Rome is the center of Italian politics, economy and culture. It is famous for its long history and beautiful scenery. It has a history of more than 2,750 years. It is an ancient city with a long history and a treasure house of art in the Renaissance. It’s said that the founder of Rome, Romulo, was raised by the female wolf. Therefore the Roman city emblem is the mother wolf feeding the baby. Rome is called “Seven Hills City” and “Eternal City” because the city is built on seven hills and has a long history. “All roads lead to Rome” vividly shows that Rome is the transportation hub of Italy. It has railways and highways leading to all parts of the country. Rome is centrally located in the Mediterranean region and is one of the centers of international air transport. Let’s follow me to discover the eternal city.
The Colosseum was built by the three emperors of the Flavius dynasty and was built for the triumph of the army and for praising the great ancient Roman Empire. The architectural design of the Colosseum is still modern. In fact, every modern large stadium has more or less imitated design styles of the ancient Colosseum! See from the outside, the Colosseum consists of a series of 3-story circular arcades and the highest fourth floor is the top pavilion. The pillars in the three-story arcade are designed according to the classic standards that are the Doric columns, Ionian columns and Corinthian columns starting from the ground. They are the three columns seen in ancient Athens. The first area on the ground floor is the seat of the emperor and the nobility; the second floor is the Roman high-class citizen; the third floor is the general civilian seat. And the upper is the large balcony where the general audience can only stand to watch the performance.
Michelangelo once praised the Pantheon as “the design of angels.” The ‘Pan’ Pantheon of the Pantheon refers to ‘all’, ‘theon’ is the meaning of ‘God’. It refers that it worships all the gods in Rome. The Pantheon was built by Agrippa in 25-27 BC. The frontal Van Gun column is reminiscent of ancient Greek architecture. There is inner a skylight with a diameter of 9 meters at the circular roof. The light coming in from the skylight shines on the mosaic floor, which form a solemn atmosphere that is perfect for the nature of religious architecture. The temple surrounded by walls was once for worshipping the gods. It is now the tomb of Raman and Emmanuel II, Winbert I and others who contributed to the unification of Italy.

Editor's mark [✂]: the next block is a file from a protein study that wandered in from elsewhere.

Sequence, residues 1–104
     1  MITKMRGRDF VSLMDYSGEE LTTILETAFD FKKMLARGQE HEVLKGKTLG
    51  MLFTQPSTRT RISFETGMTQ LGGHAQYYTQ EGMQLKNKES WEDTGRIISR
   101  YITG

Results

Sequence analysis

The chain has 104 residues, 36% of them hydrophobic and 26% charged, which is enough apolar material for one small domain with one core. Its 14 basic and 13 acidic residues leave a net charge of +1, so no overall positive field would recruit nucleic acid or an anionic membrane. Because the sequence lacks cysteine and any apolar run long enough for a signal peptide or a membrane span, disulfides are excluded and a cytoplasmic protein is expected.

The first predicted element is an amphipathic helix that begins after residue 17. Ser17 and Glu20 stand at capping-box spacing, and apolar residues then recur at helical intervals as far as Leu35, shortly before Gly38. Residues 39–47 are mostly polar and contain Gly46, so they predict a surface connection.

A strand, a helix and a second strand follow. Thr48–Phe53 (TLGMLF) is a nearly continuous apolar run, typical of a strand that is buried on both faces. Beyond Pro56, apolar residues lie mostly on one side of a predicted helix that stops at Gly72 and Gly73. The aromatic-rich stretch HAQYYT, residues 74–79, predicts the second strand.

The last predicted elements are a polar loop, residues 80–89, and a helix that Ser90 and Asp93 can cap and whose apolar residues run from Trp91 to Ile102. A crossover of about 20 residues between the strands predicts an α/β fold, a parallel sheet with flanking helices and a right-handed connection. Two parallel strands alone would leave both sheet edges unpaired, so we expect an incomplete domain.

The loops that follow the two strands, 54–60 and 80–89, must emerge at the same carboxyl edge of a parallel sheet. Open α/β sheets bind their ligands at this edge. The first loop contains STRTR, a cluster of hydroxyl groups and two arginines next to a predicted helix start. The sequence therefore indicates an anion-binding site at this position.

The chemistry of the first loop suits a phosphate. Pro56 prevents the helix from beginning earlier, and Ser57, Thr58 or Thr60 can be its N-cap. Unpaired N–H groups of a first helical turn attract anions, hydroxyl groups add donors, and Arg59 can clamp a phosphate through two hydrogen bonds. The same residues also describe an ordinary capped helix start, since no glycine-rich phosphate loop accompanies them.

3. Venice Square
The Venice Square is the circular square in the heart of Rome. The front of the square is a neoclassical building built of white marble with the nickname “Wedding Cake” and “Typewriter.” The memorial hall built to celebrate the unification of Italy in 1870 took 25 years to complete. The curved facade formed by 16 columns is the most attracting part. The two fountains under the steps are meaningful. The right one symbolises the Tyrrhenian Sea and the left one symbolises the Adriatic Sea. The figure riding the horse in the center is Victor Emmanuel II, who reunified Italy. There are two huge bronze statues on the building. The right statue represents “love for the victory of the motherland”, and the left one represents the “victory of labor.” There are always two soldiers who are still guarding the tomb of the unknown soldiers no matter it rains or it’s sunny.
4. Sant’Angelo Bridge
The Sant’Angelo Bridge also known as the Hadrian Bridge is an ancient Roman bridge spanning the Tiber River. It was built in 134 AD by the Roman emperor Hadrian for connecting the city center with his new mausoleum that is today’s Castel Sant’Angelo. The bridge is paved with marble and has three bridge arches. This bridge is currently only for pedestrians. In the past, pilgrims passed this bridge to St. Peter’s Basilica, so it is also known as the “St. Peter Bridge”. In the 6th century, Sanctus Gregorius PP. I named the castle and the bridge as “Sacred Angels”. In the leap year of 1450, many people fell into the river and drowned because of the arrival of a large number of pilgrims. Therefore, the houses at the bridgehead and a Roman Triumph of Arc were removed to widen the pilgrimage route.